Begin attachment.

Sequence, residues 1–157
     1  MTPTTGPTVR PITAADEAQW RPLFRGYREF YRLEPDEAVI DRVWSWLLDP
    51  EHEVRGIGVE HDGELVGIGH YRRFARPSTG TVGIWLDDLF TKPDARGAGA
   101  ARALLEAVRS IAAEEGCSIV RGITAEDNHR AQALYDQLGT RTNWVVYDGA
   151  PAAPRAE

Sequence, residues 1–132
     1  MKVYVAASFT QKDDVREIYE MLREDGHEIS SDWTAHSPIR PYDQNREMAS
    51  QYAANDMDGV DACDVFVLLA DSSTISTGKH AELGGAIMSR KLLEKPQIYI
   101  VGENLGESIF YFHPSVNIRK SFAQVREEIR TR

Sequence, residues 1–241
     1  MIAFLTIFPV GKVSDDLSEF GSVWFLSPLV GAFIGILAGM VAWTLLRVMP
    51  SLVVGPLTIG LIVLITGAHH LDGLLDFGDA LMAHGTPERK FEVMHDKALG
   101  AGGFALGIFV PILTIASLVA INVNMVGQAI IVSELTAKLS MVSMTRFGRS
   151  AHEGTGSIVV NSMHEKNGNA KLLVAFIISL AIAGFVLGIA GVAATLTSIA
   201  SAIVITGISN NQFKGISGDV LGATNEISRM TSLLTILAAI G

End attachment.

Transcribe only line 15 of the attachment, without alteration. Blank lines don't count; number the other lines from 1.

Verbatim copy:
   201  SAIVITGISN NQFKGISGDV LGATNEISRM TSLLTILAAI G